Elections are almost here. The part of me that does not like the ads, brochures, flyers and signs will cheer when it is over. The part of me that senses accountability is uneasy.
Every important privilege brings with it duties. We live in a country of freedoms. So, Christians have responsibilities to the government. Rom 13:1 says, "Let every person be in subjection to the governing authorities for there is no Authority accept from God and those which exist are established by God."
And responsible citizens vote.
In many countries, Christians do not have an opportunity to improve, correct or refine their nation, their state, or county through democratic voting.
Voting brings with it four challenges.
The first challenge is to vote for the man most moral. Morals are founded on principles of right conduct rather than legalities, enactments, or customs. Since my country is needing to return to the principles of right conduct, in the presidential race I must vote for the man following God's principals.
The second challenge is to vote for the man with the best employment program. God wants us to work. 2 Thessalonians 3:10. "For even when we were with you, we used to give you this order: if anyone will not work, neither let him eat. For we hear that some among you are living an undisciplined life, doing no work at all, but acting like busy bodies. Now such persons we command and exhort in the Lord Jesus Christ to work in quiet fashion and eat their own bread."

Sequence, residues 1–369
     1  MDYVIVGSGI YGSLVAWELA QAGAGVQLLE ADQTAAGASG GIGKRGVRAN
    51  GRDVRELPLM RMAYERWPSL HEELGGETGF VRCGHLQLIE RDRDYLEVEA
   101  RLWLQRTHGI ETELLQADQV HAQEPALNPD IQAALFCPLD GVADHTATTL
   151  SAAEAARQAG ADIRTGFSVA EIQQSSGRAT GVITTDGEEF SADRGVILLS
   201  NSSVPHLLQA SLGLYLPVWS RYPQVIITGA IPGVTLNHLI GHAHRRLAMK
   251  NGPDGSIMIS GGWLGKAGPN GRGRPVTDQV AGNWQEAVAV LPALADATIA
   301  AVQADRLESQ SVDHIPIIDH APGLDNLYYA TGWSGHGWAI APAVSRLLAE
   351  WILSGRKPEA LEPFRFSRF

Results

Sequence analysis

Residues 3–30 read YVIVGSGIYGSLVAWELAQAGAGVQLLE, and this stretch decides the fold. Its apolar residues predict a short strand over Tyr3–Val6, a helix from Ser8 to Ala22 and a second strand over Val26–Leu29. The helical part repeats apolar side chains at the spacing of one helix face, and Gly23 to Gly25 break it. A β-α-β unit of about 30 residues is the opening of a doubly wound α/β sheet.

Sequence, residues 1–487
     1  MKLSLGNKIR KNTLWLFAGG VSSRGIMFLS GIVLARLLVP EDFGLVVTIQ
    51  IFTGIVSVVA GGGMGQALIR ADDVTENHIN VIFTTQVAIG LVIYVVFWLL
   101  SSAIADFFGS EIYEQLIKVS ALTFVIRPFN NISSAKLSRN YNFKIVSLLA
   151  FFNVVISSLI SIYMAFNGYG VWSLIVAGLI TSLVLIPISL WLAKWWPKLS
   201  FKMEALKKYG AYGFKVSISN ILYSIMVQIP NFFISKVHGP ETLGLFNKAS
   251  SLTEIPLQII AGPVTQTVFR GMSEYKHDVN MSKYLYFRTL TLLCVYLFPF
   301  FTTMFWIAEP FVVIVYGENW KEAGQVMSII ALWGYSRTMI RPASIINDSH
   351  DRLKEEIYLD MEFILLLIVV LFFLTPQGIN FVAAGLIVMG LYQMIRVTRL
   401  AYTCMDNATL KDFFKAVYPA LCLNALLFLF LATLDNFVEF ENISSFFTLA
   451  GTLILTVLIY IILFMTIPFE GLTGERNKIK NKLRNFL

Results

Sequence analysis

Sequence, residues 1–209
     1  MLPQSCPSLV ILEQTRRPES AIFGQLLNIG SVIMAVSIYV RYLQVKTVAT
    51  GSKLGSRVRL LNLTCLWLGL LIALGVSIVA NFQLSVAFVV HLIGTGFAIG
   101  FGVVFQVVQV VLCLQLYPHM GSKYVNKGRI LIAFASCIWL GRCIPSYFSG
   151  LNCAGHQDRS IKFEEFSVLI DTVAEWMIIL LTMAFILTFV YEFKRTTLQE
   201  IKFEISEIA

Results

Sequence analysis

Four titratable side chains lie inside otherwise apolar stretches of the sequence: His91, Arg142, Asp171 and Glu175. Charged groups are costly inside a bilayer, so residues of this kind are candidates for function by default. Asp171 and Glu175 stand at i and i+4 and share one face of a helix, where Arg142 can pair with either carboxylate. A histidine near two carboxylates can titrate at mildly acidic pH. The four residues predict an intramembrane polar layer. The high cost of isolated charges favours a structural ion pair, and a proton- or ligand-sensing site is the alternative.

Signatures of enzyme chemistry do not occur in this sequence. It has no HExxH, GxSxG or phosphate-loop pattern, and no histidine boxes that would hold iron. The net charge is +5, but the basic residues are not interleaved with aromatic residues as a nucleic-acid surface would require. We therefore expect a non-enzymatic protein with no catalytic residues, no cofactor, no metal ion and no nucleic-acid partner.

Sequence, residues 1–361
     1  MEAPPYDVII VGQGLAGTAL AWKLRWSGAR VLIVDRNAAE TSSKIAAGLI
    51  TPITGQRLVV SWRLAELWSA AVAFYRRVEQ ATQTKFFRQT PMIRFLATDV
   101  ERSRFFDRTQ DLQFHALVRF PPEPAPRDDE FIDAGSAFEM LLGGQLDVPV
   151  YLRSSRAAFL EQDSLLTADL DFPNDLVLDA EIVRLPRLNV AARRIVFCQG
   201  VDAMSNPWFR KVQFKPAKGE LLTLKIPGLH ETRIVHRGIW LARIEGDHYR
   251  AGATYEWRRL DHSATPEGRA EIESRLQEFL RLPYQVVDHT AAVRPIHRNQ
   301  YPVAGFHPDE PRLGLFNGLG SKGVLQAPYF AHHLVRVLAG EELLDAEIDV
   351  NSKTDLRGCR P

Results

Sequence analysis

Some states, such as Arkansas, can also vote for issues that keep their citizens working.
We should NOT vote for candidates who allow able workers to stay on welfare programs.
Challenge #3 is to vote against issues, or candidates, that will ruin people. Colorado shows was clearly legalized medical marijuana does not work. Law enforcement officials believe it results in more pain than it removes. In Arkansas, we need to vote against legalizing medical marijuana.
The final challenge is to vote for a candidate that practices good stewardship. Companies such as T.D.Ameritrade and Edward Jones are practicing stewardship. They manage properties and financial matters.
My bank helps me practice good stewardship. If I spend more than I have deposited, I am charged a severe penalty. Good stewards do not spend more then they take in. Nor do good stewards "gamble" with someone else's money (mine) in an attempt to spend their way out of debt. Will your bank let you spend your way out of debt?